Winter storm blankets Cherokee
by Michelle Babcock
February 13, 2014 05:00 AM | 2881 views | 0 0 comments | 21 21 recommendations | email to a friend | print
City of Canton road workers plow and salt the bridge on Waleska Street  over the Etowah River on Wednesday morning as the freezing rain continues to fall.  <br> Staff/Kelly J. Huff
City of Canton road workers plow and salt the bridge on Waleska Street over the Etowah River on Wednesday morning as the freezing rain continues to fall.
Staff/Kelly J. Huff
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A lone pedestrian leaves his path in the slushy ice and snow Wednesday morning as he walked to the Canton Wal-Mart to retrieve supplies during the storm.
A lone pedestrian leaves his path in the slushy ice and snow Wednesday morning as he walked to the Canton Wal-Mart to retrieve supplies during the storm.
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Roads closed and some residents temporarily lost power Wednesday as a winter storm of epic proportions continued to move through Cherokee, but most residents stayed off the highways, cutting down on problems.

Cherokee County School District schools and offices, Cherokee Charter Academy, Reinhardt University and Chattahoochee Technical College were closed Wednesday and scheduled to remain closed today, as travel is expected to remain treacherous, officials said.

A winter storm warning remains in effect until 1 p.m. today, and Cherokee County was anticipated to get another 1 to 3 inches of snow Wednesday afternoon and into early this morning, reports show.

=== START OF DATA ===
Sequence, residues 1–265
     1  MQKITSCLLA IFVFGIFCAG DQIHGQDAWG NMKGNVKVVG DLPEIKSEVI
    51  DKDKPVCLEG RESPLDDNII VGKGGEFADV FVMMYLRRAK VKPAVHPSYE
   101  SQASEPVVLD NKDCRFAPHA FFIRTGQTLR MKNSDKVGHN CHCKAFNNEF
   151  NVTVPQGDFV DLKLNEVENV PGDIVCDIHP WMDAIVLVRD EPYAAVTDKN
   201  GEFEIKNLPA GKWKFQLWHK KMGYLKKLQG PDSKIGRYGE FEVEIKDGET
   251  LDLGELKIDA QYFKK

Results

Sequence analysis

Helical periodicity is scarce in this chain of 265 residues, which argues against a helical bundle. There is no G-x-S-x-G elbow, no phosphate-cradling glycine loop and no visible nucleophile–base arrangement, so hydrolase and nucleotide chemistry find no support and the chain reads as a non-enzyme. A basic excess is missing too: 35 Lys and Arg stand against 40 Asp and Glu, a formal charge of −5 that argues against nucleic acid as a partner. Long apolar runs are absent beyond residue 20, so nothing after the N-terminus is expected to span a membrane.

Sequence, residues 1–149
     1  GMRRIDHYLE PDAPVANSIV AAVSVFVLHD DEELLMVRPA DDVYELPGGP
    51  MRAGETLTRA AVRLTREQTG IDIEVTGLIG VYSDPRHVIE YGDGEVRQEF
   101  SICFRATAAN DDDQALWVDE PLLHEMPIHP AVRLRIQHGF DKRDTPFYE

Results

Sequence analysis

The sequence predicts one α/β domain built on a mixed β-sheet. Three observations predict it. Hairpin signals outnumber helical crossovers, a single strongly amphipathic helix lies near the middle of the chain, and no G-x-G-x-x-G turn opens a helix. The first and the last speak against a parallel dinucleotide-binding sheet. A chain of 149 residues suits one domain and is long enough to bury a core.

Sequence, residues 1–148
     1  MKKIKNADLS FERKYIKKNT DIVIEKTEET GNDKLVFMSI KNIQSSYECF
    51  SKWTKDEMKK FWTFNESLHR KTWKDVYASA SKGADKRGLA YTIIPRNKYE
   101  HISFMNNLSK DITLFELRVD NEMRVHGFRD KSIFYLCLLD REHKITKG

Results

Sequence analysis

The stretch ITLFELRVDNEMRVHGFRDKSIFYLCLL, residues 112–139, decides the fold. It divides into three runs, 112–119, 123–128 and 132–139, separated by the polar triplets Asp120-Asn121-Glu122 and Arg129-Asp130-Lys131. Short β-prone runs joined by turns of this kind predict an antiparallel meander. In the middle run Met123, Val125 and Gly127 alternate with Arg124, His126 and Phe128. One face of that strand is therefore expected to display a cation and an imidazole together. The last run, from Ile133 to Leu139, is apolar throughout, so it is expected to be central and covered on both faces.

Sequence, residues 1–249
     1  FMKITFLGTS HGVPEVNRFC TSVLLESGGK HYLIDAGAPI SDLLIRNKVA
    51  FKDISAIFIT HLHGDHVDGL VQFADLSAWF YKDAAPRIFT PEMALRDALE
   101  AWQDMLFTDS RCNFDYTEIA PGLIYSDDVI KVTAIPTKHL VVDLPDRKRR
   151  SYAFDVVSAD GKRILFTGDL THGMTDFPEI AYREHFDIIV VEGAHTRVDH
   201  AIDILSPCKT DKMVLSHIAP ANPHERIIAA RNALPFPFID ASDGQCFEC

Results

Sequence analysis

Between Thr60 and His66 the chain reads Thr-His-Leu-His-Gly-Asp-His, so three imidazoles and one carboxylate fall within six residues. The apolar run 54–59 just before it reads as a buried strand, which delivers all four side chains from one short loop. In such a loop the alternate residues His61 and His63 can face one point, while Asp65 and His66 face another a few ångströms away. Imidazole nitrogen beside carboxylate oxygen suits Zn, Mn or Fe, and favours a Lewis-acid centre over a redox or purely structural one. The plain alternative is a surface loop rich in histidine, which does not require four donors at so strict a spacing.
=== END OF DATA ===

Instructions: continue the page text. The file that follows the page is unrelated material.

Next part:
Lt. Jay Baker of the Cherokee County Sheriff’s Office said the National Weather service predicted more snowfall into Wednesday night and possibly more ice, but said conditions should start to improve Friday.

“It’s my understanding that the temperature is going to increase, going up into the 40s on Friday, and it’s going to start thawing out then,” Baker said Wednesday.

Roads across Cherokee were glazed in ice Wednesday, as snow, sleet and freezing rain fell around the county throughout the day.

At 6 a.m. Wednesday, many roads were already closed after becoming impassible, including areas of Rope Mill Road and Cherokee Street, said Robby Westbrook, director of the Cherokee Sheriff’s Office Homeland Security-Emergency Management.

Baker said most residents made the right decision and avoided the roads Wednesday.

“We’ve had minimal accidents,” he said. “We know it’s not over with yet, but it looks like a lot of people stayed home. It’s made a huge difference on the roads being treated and the number of accidents we’ve been able to avoid.”

Westbrook said Cherokee Emergency 911 call volume began increasing Wednesday afternoon, with additional auto accidents, two sledding accidents and several downed trees.

By Wednesday afternoon, more than 6,000 residents had lost power in Cherokee, Westbrook said and more than 100,000 customers statewide.

Baker said early Wednesday morning around 3,000 customers just east of Canton lost service, but Georgia Power “corrected that almost immediately.”

Around noon Wednesday about 3,000 customers in Holly Springs also lost power temporarily, but Baker said so far most outages in the state have been south of Cherokee.

“There were some brief moments in some location in Cherokee where the power went out, but it looks like the majority of the outages were inside the perimeter around Atlanta,” Baker said.

Woodstock city parks were closed until further notice on Wednesday, and Canton Police reported that the National Guard was escorting emergency vehicles if necessary.

Two shelters are operating in the county for those who need a warm place to stay.

Action Church at 271 Marietta Road, and a Red Cross Shelter at Canton First Baptist Church, at 1 Mission Point, are available for those who need shelter.

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